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Romantic comedies don’t ordinarily have much heft, but Rob Reiner’s new effort is a particularly frail, vacuous example of the genre. It’s about a scruffy novelist (Luke Wilson) who falls for the perky stenographer (Kate Hudson) he hires to take dictation of a book he has to finish under deadline; of course, she falls for him, too. The “hook” that takes the movie beyond sitcom length (and the deadening reality of two people sitting around and talking for ninety minutes) is that the pair periodically play the characters in the 1924 plot he’s composing–a private tutor and an au pair girl who are also destined to link up. So there’s a symmetry in the plot of “Alex & Emma”–the “fictional” duo, Adam and Anna, gradually find romance as the “real” characters do likewise. But the picture requires a curious agreement between filmmakers and audience, too. While the leads imagine themselves in love, you have to imagine you’re being entertained by them. It’s definitely not a bargain.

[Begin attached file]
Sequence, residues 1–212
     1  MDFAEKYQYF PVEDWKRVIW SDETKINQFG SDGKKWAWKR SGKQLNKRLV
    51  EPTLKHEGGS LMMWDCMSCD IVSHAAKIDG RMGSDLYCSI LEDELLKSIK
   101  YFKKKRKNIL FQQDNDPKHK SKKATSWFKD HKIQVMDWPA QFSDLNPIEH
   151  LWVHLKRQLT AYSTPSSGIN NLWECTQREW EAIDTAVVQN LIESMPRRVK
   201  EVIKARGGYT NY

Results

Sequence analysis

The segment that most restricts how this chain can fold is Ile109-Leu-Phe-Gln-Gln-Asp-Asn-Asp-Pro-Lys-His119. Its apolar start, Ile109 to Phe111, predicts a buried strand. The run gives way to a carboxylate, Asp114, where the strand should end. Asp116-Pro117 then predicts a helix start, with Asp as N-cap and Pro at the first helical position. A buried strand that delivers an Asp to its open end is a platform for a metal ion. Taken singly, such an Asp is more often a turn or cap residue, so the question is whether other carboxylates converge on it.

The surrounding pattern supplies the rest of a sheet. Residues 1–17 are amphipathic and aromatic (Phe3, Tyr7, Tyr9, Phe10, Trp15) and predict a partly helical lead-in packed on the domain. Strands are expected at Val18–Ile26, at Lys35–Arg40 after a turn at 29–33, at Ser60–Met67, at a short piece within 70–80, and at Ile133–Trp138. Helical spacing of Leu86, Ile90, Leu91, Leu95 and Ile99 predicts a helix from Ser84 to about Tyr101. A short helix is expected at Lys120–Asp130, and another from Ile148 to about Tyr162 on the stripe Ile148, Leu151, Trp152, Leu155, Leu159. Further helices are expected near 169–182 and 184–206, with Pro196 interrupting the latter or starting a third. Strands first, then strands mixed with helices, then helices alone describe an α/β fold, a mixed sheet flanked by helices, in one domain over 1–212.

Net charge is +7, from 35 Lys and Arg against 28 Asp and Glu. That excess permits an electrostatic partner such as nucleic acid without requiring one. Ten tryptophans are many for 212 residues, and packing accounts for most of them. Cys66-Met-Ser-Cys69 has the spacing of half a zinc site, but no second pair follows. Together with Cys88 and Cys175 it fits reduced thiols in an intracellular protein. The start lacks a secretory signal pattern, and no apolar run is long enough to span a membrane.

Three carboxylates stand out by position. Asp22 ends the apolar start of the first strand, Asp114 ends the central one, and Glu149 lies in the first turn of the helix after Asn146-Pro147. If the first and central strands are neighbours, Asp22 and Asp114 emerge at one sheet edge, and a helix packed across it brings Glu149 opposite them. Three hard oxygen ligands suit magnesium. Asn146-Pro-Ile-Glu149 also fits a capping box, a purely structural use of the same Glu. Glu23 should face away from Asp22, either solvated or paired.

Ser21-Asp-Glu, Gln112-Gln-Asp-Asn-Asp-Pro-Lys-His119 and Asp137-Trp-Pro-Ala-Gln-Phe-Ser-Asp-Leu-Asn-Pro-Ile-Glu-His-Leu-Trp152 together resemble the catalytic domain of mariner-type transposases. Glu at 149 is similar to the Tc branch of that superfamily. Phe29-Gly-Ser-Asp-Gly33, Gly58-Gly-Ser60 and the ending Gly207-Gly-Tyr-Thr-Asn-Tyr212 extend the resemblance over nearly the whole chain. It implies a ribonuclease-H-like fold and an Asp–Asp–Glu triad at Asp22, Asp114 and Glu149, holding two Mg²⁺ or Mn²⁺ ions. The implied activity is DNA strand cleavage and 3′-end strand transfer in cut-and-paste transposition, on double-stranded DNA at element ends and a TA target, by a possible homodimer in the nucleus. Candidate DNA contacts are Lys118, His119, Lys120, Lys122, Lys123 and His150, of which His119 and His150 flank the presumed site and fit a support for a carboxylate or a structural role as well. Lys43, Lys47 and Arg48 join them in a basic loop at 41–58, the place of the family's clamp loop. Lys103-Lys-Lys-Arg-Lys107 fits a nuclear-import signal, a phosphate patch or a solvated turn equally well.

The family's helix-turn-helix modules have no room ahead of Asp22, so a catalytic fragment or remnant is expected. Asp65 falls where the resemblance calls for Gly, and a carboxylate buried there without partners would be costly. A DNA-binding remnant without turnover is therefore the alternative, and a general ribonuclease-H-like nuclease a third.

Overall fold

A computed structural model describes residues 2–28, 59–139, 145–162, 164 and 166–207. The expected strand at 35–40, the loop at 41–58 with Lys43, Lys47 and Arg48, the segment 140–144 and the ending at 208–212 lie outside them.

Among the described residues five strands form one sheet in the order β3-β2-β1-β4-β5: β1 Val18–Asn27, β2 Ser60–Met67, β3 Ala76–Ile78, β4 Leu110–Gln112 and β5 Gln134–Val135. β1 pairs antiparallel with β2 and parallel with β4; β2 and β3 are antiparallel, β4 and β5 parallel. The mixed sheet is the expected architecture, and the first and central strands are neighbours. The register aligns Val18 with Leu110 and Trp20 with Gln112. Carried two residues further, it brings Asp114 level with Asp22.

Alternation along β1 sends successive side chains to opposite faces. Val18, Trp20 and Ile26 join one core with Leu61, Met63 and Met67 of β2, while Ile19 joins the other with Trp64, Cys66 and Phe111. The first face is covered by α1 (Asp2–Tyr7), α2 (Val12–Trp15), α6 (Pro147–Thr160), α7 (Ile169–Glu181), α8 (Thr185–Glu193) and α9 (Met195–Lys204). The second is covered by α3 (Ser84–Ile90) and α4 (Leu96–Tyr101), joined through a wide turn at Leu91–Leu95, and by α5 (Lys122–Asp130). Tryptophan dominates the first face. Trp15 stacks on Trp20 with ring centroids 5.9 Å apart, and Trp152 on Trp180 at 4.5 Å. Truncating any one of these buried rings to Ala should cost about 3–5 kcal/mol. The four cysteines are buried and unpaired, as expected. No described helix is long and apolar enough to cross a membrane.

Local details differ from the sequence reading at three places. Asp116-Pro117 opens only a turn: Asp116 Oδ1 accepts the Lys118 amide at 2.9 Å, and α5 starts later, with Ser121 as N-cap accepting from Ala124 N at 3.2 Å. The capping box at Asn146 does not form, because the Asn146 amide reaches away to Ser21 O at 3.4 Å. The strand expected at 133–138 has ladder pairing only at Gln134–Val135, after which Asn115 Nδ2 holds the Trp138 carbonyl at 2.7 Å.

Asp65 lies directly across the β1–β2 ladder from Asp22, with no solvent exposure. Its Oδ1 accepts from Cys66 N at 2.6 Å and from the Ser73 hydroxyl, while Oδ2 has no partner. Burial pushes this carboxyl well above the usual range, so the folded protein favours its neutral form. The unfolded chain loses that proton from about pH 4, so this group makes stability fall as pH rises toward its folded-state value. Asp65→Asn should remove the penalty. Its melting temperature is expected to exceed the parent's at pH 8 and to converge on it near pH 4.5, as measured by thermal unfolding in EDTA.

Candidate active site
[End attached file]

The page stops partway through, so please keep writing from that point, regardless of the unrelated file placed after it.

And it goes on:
Screenwriter Jeremy Leven, we’re told, based his script on an actual event in the life of Fyodor Dostoevsky, who’s supposed to have fallen for his transcriber while writing “The Gambler” under similar pressure from his publisher. But there’s a good reason why the Russian novelist never wrote about the event: even a genius would have a hard time making it remotely credible or engaging. And, as it happens, Leven is apparently no genius. Of course, in a romantic comedy one doesn’t require things to be thoroughly plausible. But it’s preferable if they have some slight basis in reality. Take, for instance, the comic villains with whom the story begins. Bobby (Lobo Sebastian) and Tony (Chino XL), bookies to whom Alex owes a bundle of cash for bets he’d put on Florida dog races, burst into his apartment and, to threaten him, dangle him out the window not once but twice, in broad daylight; and although the place is in a busy Boston neighborhood, as we see in other scenes, nobody notices. (There’s a curious disparity, too, between the trendy, gentrified street and the inside of the place, which resembles a slum dwelling.) But all that proves to be small potatoes beside the larger problems. The greatest is a complete lack of chemistry between the title characters; one never feels them getting truly close, either in the present or the novelistic “flashbacks.” (There’s no sense of the passage of time, either.) Then there’s the content of the novel. Much of the running-time is devoted to Alex dictating the text as he invents the story (it often sounds like an audio book), and despite the fact that both Emma and Alex’s publisher Wirschafter (played by Reiner himself) claim to love it, the language is cliched and dreadful–and what’s even more absurd, it wouldn’t fill a thirty-page precis, let along a 300-page tome. The concluding twists that Leven’s concocted are poor, too. They’re intended to say something about life imitating art (and/or art imitating life), but since the final product has no connection with either art or life, they fall flat.